Zebras look like little horses. They grow to a metre and a half. Their body is much sturdier than that of a horse, and they have a short, standing mane rather than a long one. The relationship between horses and zebras can also be seen in the fact that some wild horses have zebra crossings on their legs.
By the way, the typical stripe pattern of zebras makes them hardly visible from a distance: Because of the stripes, they seem to dissolve the outline of their body. This makes them more difficult for predators to detect. But not all stripes are the same. Every animal has its own pattern, which is a bit different from the other animals.
Zebras live in sub-Saharan Africa, Sudan and the mountainous regions of Southwest Africa.
Zebras live mainly in the steppes and savannas, where they find enough grass and herbs.
Breeds and Species
The most famous zebra is the steppe zebra (Equus quagga). They live in large herds in the steppes of Africa. There is also the mountain zebra (Equus zebra). As the name suggests, it lives in the mountains and climbs up steep rocks.
The Grevyzebra (Equus grevyi) is the largest zebra. Its stripes are narrower and stand narrower than those of the other zebra species. Unlike the steppe and mountain zebras, which have no territories, the stallions of the Grevyzebras vigorously defend their territory.
Zebras can live for 20 to 40 years. They usually live in captivity for 20 to 25 years.
Most zebras live in small groups of up to 20 animals. The group consists of one stallion, about six mares and the foals. The stallion defends his group against other zebra stallions. But there are never any serious fights. Mostly the stallions greet and sniff each other and then go their way again.
Young males without families live in their own groups. Since zebras do not have their own territories, several groups often join together in the rainy season. They form large herds of several hundred or even thousand animals. Sometimes zebra herds even mix with antelopes and ostriches and move around in mixed groups. If the leading stallion of a herd is too old or if he dies, the females nevertheless remain together with their young and another male takes the place.
The zebras of a herd alternate as guards. Thus, the life in the group offers a great protection to the animals. Zebras know exactly which animals belong to their family: They recognize themselves by the smell, the voice and also by the drawing of their stripes.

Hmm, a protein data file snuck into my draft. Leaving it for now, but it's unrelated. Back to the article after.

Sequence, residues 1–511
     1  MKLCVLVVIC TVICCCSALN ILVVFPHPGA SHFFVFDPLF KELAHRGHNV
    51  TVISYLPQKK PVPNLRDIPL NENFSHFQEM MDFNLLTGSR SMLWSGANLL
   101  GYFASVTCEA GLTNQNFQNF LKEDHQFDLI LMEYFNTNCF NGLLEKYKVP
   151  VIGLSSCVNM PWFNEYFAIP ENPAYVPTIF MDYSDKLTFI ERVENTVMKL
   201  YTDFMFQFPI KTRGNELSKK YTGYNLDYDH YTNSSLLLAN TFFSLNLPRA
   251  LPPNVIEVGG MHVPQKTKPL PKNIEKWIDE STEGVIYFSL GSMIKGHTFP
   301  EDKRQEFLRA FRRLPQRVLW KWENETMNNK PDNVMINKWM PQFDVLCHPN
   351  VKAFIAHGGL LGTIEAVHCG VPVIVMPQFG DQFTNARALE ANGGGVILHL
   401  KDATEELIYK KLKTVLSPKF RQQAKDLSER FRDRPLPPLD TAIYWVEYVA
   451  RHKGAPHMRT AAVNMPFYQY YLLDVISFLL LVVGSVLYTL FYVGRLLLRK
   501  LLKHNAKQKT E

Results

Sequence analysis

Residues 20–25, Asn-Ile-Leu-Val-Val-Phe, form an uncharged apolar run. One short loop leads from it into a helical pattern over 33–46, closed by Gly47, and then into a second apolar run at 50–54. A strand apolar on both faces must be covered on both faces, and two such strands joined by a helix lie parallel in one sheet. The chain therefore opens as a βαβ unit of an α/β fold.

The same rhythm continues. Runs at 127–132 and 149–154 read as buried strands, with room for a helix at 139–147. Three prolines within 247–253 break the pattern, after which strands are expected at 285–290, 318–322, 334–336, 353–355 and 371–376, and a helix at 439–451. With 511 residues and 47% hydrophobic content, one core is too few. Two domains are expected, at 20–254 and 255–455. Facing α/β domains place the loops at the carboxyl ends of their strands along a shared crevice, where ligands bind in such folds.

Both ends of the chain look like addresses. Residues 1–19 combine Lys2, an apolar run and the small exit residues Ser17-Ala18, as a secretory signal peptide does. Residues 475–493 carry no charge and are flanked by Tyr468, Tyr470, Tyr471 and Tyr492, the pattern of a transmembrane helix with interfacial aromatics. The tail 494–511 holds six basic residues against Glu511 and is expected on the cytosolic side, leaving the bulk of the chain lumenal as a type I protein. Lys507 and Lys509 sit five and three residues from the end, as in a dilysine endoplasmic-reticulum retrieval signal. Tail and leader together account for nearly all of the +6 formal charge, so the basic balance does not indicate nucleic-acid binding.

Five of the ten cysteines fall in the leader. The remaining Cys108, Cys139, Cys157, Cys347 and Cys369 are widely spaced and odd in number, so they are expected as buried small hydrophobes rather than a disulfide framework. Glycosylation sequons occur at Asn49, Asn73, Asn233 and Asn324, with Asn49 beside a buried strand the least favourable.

An important sign that a herd belongs together is the mutual care: They brush their neck, back and mane with their teeth. Personal hygiene also includes a regular dust- and mud bath.
Zebras spend most of the day eating. At hot lunchtime they rest close together in the shade. Zebras sleep like horses standing up, only the foals lie down on the ground.
Friends and Enemies
The zebras’ natural enemies are the lions. They like to live near zebra herds and look for weak, old or sick animals. But also leopards and hyenas some hunt zebras. But the zebras are not defenseless: they can be incredibly fast! They don’t have much stamina, but on the run from enemies they even reach a speed of 80 kilometers per hour. And if they can’t run away from a predator, they defend themselves with bites and fierce kicks. Sometimes they can break even the jaw of a lion with a purposeful kick of their hard hooves.
But the best protection against enemies is their eyes: zebras can see far away and predators very well and thus flee in time. Unfortunately, the human is also one of the enemies of the zebras. In the past they were often hunted and almost exterminated in some areas.
After one year of gestation, only one foal is born at a time. It is suckled by its mother for about eight and a half months. Mostly the young zebras are born in the rainy season between November and April. The first days the mother stays alone with the boy a little apart from the others. Only then do they rejoin the herd.
Already after one week the little ones nibble the first blades of grass, but only after about one year they are no longer suckled at all. About two years they stay with the herd, then the young males are driven out by the stallions.
The calls of the zebras cannot be compared at all with those of the horses or donkeys: They make bright, almost wheezing sounds reminiscent of a bark.